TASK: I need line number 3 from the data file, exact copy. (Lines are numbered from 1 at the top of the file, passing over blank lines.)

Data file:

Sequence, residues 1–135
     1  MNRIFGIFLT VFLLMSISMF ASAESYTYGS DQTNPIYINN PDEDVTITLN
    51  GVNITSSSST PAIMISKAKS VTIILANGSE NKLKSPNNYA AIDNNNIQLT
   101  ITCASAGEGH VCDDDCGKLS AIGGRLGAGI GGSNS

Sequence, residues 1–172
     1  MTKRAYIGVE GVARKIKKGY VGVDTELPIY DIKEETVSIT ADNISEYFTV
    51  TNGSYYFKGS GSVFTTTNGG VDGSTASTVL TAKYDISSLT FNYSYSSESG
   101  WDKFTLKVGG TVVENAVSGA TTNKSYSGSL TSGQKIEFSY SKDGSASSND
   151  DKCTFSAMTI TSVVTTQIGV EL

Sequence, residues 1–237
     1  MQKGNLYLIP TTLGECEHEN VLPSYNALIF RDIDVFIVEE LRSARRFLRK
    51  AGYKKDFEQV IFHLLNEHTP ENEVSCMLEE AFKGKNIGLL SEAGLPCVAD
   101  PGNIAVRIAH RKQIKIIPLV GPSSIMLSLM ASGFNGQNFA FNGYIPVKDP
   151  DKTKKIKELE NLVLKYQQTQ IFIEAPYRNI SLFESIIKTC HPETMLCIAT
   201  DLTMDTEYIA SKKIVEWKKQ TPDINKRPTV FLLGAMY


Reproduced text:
    51  GVNITSSSST PAIMISKAKS VTIILANGSE NKLKSPNNYA AIDNNNIQLT